NATO was and is a leading military organization in the European-Atlantic region – that is why, while developing cooperation with it in spheres of common interest, Russia paid special attention to ensuring appropriate defense levels amid any scenarios, Russia’s Permanent Representative to NATO Alexander Grushko told Interfax.
“It is known that in military affairs potentials, not intentions – which, as the latest events have shown, can change – and are taken into account. That is why if we see that new NATO arrangements regarding Russia are implemented in relevant actions of military construction and are manifested in shifting NATO’s military potential towards the ‘eastern wing,’ we will take measures necessary so that Russia’s security is not affected by this,” Grushko said in an interview ahead of a meeting of NATO defense ministers on June 3-4 and due to NATO-Russia Council meeting, first one since March 5.
“Having suspended cooperation with Russia, NATO inflicted damage firstly to international efforts to neutralize security risks and threats common for everyone, and thus, to its own security,” Grushko said.
Russia’s possible withdrawal from the Founding Act on its relations with NATO is just one of the options Moscow is considering as a reaction to NATO’s planned permanent deployment of large military forces in Central and Eastern Europe, Russia’s permanent envoy to NATO said on Monday.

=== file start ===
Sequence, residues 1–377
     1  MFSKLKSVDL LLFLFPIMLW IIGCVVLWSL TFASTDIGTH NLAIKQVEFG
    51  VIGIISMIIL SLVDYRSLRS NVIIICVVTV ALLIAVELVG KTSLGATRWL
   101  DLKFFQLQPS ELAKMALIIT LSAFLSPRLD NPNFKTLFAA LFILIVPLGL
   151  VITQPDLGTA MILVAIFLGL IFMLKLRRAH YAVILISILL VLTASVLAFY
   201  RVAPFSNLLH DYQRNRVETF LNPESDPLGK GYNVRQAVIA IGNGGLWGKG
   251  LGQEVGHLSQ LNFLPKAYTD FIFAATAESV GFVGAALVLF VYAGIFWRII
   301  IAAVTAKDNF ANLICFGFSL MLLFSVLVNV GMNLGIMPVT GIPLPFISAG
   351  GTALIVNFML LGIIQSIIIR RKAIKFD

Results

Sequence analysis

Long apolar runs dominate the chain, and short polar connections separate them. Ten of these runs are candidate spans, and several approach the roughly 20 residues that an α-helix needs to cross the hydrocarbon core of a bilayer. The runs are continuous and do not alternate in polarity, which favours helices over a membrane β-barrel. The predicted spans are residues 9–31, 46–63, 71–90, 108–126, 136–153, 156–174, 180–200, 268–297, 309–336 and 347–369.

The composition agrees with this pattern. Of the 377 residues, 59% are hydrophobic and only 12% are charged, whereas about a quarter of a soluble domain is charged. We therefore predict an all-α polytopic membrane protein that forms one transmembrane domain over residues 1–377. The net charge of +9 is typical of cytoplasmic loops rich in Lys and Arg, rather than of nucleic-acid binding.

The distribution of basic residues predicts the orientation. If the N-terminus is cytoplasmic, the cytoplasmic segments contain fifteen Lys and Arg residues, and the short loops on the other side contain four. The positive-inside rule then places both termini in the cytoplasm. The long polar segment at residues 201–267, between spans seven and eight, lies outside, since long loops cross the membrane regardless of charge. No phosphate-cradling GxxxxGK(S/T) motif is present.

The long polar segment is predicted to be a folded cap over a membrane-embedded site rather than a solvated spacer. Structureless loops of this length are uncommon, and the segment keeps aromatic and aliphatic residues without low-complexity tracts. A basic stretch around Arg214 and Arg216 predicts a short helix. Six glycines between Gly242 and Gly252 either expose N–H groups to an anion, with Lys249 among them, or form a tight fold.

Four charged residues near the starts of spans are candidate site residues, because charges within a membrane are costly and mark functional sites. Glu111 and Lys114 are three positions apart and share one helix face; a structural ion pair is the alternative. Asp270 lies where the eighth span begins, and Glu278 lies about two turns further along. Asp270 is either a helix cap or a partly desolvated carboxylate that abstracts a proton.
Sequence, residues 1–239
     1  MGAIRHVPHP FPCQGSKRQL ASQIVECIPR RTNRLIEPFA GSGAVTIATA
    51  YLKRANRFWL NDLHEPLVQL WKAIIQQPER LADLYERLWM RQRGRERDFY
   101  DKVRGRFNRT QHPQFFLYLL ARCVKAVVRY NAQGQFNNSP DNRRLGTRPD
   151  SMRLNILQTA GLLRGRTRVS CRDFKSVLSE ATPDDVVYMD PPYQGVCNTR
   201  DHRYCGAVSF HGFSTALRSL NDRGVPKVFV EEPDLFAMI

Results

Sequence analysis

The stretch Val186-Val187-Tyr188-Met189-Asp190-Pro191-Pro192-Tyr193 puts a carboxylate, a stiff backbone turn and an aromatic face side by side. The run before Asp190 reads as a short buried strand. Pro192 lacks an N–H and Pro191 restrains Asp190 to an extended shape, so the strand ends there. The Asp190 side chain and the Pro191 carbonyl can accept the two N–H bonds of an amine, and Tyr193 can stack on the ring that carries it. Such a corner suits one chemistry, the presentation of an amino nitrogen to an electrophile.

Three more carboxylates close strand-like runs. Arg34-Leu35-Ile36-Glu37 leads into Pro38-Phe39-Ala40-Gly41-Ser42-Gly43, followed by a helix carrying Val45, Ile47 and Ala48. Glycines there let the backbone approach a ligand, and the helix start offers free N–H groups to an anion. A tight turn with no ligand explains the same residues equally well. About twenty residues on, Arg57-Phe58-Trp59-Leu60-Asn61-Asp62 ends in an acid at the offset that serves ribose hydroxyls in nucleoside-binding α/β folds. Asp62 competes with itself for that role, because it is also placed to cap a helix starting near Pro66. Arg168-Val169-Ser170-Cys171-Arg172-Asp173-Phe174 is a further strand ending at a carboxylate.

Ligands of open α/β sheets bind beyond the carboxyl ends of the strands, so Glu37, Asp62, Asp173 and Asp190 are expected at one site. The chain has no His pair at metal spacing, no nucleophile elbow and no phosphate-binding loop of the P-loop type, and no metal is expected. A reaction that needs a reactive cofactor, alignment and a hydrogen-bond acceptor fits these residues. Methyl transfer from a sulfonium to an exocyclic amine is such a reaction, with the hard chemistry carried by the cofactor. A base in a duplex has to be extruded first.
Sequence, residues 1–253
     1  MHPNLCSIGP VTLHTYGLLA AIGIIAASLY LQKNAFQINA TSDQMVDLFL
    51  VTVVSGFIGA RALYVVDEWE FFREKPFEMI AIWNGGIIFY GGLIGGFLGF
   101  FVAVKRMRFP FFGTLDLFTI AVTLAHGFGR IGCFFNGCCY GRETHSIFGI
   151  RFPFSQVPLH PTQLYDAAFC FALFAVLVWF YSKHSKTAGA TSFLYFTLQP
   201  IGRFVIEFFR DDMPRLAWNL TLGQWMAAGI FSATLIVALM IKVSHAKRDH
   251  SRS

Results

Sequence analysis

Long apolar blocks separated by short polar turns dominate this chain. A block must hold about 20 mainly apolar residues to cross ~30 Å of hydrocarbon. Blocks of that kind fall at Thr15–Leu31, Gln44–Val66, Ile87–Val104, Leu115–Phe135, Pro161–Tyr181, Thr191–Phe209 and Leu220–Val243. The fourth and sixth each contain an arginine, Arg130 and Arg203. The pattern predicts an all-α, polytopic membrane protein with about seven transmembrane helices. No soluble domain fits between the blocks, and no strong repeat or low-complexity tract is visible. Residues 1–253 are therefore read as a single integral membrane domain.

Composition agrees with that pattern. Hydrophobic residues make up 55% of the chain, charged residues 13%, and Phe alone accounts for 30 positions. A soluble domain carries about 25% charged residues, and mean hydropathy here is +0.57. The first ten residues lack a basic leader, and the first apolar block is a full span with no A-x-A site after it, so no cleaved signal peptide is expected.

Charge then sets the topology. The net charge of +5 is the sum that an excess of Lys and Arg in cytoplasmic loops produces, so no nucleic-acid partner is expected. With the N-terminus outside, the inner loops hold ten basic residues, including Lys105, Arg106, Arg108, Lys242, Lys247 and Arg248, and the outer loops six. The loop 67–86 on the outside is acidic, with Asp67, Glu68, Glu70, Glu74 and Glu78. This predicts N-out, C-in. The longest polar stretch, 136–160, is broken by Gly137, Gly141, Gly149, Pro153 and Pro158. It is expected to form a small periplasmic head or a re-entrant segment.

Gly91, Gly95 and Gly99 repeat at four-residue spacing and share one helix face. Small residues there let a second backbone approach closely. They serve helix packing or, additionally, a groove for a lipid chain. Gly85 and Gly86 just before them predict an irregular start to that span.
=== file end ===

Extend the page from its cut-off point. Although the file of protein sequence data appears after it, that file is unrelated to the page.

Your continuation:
“We’ll just see and study what the ministers decide,” Alexander Grushko told Interfax in reference to a planned meeting in Brussels on Tuesday and Wednesday of NATO defense ministers.
“But if it is additional deployment of substantial NATO combat forces in Central and Eastern Europe that is on the agenda – we can hear appeals to that effect, – such deployments, even if they are based on rotation, will hardly be qualifiable as a direct departure from commitments under fundamental Russia-NATO documents, including the Founding Act,” Grushko said. . . .
“All this can throw Europe back to the times of the Cold War and trigger an arms race. NATO should realize that, if it embarks on that path, it can hardly expect Russia to reciprocate with ‘restraint’ in deployments of forces, as the Founding Act stipulates. But that is not our choice,” the diplomat said. . . .
“I don’t think, however, that all members of the Alliance, for all of its belligerent rhetoric, are willing to become trapped in schemes dating back to the era of confrontation. If this happens security risks will only grow. Then again, they will hardly want to lose the ‘dividends of peace’. Defense will draw funding far exceeding the current 1%-2% of GDP,” the Russian diplomat said.